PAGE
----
Against the Current, No. 25, March/April 1990
Eastern Europe and Ourselves
— The Editors
- Introduction to ATC 25, March-April 1990
Panama--After the Coup
— Mike Fischer and Matt Schultz interview Eric Jackson
Panama, Not for Television
— Eric Jackson
Whose Declaration of War?
— Donald W. Bray and Marjorie Woodford Bray
"Protecting American Lives"
— Donald W. Bray and Marjorie Woodford Bray
The Border, the Law and Peace
— Michel Warshawski
On Being a Marxist in the Soviet Union
— Boris Kagarlitsky
Radicalizing Earth Day's Managed Mobilization
— Bill Resnick
Who Will Save the Forest?
— Alexander Cockburn
Perspectives in the Twilight of the Cold War
— The Editors
"the collapse of Stalinism means that capitalism must confront itself"
— Paul Buhle
“three challenges to peace and disarmament activists in the U.S.”
— Frank Brodhead
"...that's the opportunity: to engage in a struggle for the power to produce new cultural and political meanings"
— Marcy Darnovsky
"...international class war will not only continue but increase ... future Invasions may be done by one well-dressed agent with a briefcase"
— Shafik Abu Tahir
"...the global economic impact of cold war chill-out will put strong pressure on U.S. capital... [and] intensification of competition on a world scale"
— Kim Moody
"...new openings will bring more rank-and-file activism and create opportunities for socialist-feminists"
— Johanna Brenner
“… the left [will] see that the major contradiction In a market economy is the collision with the natural world"
— Sandra Baird
"...there are two sorts of radical demands we should be raising: peace conversion and ecological industrial conversion"
— Howard Hawkins
"... movements in the West, East and Third World [need] to make deep connections"
— Jill Benderly
Socialism, Markets and Restoration
— Aleksei K. Zolotov
Restoration & Revolutionary Transformation
— James Petras
Nicaragua: from Revolution to Stabilization
— Joseph Ricciardi
The First Follies of 1990
— R.F. Kampfer
Fabricating the Past
— Ellen Poteet
Men and Women of Letters
— Mary McGuire
The House that Montgomery Built
— Martin Glaberman
In Memoriam--Hal Draper
— Ernie Haberkern
Rube Singer Remembered
— Archie Lieberman
EARTH DAY 1990 will be one extravagant moment—a managed though not entirely empty mobilization—in an intensifying and protracted struggle.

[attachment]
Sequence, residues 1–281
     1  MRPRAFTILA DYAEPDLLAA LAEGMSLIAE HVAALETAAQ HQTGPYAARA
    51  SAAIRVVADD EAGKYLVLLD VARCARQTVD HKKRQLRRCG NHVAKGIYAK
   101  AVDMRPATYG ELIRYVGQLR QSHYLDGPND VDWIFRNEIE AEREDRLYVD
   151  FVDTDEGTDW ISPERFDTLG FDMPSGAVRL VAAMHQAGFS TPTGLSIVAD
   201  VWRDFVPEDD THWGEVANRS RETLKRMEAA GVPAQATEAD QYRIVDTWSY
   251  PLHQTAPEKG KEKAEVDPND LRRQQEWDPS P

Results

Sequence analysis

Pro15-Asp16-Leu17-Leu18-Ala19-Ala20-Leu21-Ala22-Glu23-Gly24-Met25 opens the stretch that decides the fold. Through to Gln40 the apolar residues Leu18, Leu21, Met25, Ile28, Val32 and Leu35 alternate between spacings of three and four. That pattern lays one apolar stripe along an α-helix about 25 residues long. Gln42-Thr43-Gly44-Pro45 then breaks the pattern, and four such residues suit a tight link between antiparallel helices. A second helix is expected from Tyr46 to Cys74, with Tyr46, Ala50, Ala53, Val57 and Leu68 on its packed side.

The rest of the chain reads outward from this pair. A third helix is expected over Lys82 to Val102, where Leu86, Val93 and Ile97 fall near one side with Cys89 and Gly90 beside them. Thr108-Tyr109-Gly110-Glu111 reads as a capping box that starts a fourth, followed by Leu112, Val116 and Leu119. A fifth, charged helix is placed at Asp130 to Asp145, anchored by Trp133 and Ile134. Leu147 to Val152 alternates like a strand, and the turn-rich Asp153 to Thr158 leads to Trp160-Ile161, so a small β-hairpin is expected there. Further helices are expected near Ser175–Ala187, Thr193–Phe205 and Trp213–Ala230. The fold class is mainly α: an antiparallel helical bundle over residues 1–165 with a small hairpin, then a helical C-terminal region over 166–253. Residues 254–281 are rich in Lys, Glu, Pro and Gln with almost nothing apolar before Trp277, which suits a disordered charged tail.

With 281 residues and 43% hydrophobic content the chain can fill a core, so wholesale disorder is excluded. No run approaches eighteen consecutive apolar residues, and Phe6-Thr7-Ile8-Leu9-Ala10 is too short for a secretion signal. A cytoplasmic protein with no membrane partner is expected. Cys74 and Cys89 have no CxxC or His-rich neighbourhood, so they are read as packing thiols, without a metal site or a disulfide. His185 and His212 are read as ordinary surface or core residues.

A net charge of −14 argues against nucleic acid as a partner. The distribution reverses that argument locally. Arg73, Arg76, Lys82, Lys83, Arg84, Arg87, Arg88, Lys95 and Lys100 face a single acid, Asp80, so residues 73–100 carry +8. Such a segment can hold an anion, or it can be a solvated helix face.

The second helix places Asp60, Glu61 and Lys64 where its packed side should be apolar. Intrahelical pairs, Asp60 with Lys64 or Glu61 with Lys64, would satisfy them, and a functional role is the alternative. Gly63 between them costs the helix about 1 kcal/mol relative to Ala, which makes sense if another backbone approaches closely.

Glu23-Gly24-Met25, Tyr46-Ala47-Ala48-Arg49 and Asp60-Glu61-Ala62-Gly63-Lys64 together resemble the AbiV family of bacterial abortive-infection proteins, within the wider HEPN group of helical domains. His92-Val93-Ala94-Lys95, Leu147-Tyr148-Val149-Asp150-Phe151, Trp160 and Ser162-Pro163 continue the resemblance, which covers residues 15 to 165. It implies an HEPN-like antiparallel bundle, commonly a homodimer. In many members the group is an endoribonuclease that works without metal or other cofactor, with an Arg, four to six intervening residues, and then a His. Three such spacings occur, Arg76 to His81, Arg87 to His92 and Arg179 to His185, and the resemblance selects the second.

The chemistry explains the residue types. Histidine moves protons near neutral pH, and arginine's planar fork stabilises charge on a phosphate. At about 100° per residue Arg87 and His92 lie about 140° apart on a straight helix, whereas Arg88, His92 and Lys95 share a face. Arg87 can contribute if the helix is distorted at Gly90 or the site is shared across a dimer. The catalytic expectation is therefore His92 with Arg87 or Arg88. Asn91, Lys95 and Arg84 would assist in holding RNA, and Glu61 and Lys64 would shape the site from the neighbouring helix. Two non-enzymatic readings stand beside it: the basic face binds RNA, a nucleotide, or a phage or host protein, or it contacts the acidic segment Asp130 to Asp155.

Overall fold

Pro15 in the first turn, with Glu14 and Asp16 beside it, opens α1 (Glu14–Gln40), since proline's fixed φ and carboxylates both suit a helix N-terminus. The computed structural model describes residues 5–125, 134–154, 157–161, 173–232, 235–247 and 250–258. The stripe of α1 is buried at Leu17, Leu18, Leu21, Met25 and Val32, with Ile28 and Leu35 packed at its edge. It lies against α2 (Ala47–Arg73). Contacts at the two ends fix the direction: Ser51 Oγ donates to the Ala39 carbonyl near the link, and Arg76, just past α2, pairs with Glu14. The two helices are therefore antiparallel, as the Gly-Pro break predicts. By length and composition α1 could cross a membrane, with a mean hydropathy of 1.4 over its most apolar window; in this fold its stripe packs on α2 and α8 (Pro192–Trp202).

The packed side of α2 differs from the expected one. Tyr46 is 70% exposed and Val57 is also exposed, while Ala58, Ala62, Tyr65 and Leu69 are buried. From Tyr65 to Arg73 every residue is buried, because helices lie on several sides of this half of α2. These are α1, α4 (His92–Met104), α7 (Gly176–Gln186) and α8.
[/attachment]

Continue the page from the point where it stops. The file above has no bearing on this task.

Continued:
Environmental degradation is threatening life on this planet, and will force transformation of systems of production and social relations. But in what direction? Towards technocratic solutions controlled by ever bigger corporate conglomerates, with accompanying expansion of police and regulatory apparatuses? Or towards an ecological society managed democratically by associated producers living harmoniously with nature in human scale communities?
Earth Day’s national organizers do not pose these alternatives, though the programming they recommend advances the technocratic. Not that they’re corporate or government hacks. They’re in fact the visionary wing of mainstream environmentalism, with ambitious goals for new membership and legislation.
Their statements have a ’60s ring; they talk of broadening agendas, organizing coalitions, generating citizen activism to take on the polluters, building movements. They want to reach out to labor, minorities and the poor, with an agenda including “issues of social justice,” and they have enlisted Jesse Jackson to tour the country urging support for Earth day in minority communities.
But the understandings and tactics that official Earth Day intends to employ will not inform, activate, nor build durable movements Corporate and foundation donations have underwritten the national and local committees, and are being eagerly solicited to fund events. Earth Day’s major spectacles and suggested activities do not transgress corporate limits.
Earth Day’s basic thrust is to personal action and sacrifice, getting people to ask what one can do to heal the planet; implying that people have to change their habits. School lesson plans being distributed nationwide have students audit their homes to determine more ecologically sound practices—like energy saving, weatherization, water conservation.
Recycling and precycling (avoiding unnecessary packaging and disposable products) are being pushed. So is tree planting, as is a “green pledge” committing signers to “buy and use only products least harmful to the environment.” Corporations can participate and affirm their ecological virtues by adopting the “Valdez Principles,” a code of environmental ethics.